Heptonj on LibraryThing More than 1 year ago
I had this book given to me and would not have chosen it myself as I am not a fan of this genre. However, the book is well written and takes the reader through the course of a year with disturbed children.The main theme of the book is, however, 'Just Another Kid' as in Ladbrooke - a very troubled but ultimately redeemable parent/aide who is taken under the wing of Torey Hayden. The trials and tribulations of the entire, though small class including teacher and aide make for interesting reading and is very thought-provoking.
mtgirl on LibraryThing More than 1 year ago
This is one of my favorite Torey books. I love all of them. Torey Hayden is one of my favorite authors
the1butterfly on LibraryThing More than 1 year ago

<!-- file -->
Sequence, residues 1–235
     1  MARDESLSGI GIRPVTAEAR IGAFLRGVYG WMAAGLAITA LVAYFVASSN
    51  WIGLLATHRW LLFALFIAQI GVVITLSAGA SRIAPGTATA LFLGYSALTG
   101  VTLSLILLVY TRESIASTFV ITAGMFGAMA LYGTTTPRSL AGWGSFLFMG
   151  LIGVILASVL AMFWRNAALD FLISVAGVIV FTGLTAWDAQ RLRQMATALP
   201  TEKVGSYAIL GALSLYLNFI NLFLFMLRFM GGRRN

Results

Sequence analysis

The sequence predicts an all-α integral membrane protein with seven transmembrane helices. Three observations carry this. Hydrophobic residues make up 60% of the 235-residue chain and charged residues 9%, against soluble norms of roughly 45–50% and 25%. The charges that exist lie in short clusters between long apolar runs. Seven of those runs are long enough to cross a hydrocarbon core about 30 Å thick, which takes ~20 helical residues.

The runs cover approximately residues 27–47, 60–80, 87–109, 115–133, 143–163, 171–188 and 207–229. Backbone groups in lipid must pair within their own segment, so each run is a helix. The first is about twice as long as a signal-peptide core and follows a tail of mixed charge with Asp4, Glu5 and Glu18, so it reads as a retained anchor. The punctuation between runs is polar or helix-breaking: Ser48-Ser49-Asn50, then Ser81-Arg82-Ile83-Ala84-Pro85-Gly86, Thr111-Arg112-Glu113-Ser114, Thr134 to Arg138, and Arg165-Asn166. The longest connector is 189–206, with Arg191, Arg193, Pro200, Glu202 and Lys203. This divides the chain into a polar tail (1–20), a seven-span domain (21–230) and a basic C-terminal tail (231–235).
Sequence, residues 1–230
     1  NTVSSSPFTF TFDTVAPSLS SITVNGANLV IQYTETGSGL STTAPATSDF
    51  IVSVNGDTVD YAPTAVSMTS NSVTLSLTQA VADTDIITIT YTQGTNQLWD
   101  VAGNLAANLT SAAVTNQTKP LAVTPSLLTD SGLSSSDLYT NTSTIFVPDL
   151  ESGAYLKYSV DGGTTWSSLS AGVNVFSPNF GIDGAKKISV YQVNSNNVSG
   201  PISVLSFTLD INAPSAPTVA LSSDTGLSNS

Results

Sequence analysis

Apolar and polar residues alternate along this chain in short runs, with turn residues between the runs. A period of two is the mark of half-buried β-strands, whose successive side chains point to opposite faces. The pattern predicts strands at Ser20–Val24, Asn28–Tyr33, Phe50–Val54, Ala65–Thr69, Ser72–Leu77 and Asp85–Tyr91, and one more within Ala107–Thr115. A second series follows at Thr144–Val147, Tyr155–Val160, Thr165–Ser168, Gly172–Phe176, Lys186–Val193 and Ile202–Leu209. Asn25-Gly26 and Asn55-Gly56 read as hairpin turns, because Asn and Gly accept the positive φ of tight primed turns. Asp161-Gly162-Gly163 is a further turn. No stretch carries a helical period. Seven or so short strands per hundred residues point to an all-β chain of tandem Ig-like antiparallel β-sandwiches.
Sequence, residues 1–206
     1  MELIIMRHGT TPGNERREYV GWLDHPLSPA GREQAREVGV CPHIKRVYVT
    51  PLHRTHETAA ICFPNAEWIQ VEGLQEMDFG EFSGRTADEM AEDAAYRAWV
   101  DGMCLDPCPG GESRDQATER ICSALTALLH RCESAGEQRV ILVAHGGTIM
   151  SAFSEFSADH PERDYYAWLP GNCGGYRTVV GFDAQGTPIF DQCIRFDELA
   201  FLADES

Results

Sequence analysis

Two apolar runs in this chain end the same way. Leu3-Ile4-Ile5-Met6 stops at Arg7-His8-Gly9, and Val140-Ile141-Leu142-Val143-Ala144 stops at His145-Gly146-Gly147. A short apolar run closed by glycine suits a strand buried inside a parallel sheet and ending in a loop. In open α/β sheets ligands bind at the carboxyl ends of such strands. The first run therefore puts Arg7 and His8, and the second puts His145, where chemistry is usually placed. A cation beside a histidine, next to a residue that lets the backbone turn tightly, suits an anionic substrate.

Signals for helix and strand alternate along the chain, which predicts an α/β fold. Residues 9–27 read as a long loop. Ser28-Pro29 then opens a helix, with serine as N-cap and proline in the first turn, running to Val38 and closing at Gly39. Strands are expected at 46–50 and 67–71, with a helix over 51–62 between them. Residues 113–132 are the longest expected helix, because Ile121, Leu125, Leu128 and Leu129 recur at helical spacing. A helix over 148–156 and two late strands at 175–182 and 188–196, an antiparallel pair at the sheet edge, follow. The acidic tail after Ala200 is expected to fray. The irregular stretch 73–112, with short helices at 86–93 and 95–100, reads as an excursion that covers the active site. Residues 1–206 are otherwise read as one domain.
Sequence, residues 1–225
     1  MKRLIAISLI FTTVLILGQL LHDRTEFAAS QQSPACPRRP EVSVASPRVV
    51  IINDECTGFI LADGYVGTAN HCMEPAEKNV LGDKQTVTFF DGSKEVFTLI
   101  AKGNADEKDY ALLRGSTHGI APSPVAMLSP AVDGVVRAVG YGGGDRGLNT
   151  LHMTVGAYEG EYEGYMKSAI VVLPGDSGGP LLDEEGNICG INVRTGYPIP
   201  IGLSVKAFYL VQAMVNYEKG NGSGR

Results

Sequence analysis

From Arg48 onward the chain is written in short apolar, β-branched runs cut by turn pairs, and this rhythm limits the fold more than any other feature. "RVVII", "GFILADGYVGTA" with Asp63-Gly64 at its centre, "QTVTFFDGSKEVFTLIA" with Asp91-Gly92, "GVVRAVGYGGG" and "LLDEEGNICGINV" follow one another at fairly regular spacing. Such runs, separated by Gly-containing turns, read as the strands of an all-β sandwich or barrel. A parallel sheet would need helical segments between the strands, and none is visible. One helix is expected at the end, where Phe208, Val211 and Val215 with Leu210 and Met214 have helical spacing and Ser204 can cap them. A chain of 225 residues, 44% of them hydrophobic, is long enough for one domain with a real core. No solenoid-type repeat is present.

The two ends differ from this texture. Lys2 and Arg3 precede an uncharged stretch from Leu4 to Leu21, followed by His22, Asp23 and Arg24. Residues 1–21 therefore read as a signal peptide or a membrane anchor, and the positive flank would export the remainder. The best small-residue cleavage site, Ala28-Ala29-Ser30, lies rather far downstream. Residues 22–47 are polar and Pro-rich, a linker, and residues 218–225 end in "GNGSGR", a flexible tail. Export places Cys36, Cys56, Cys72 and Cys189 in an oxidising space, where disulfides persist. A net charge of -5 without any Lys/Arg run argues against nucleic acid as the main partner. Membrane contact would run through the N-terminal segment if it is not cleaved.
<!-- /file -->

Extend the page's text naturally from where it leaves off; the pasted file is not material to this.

Torey Hayden is busy non-stop with a very challenging class of six children. All of these children are needy, and Hayden makes remarkable progress with most of them, but the focus of the story, it turns out, isn't really on the children. It is on the mother of Leslie, Ladbrooke, who never has gotten the support that she needed. Though she acts as an aide in the class, she is, in some ways, as needy as the children. With Hayden's support she is able to work through her own problems and needs while she works with her daughter and reinterprets her marriage. As the story progressed, I felt like I wanted to help her and I felt angry with her husband, Tom, who persisted in wanting to make his wife and daughter into some sort of wild vision rather than wanting to help them. He claimed he wanted to help them, but he resented their being what I'd almost describe as domesticated. As a teacher I know that people aren't concepts- they're people with needs and feelings. When they learn and grow and are able to make connections, it makes them more human- which is what they were to begin with. Tom's constant allusions to how wild his wife and daughter were really bothered me because he failed to recognise that they were humans with needs. It was intensely gratifying to see Hayden filling both Leslie and Ladbrooke's needs- especially Ladbrooke, who had long ago fallen through the cracks.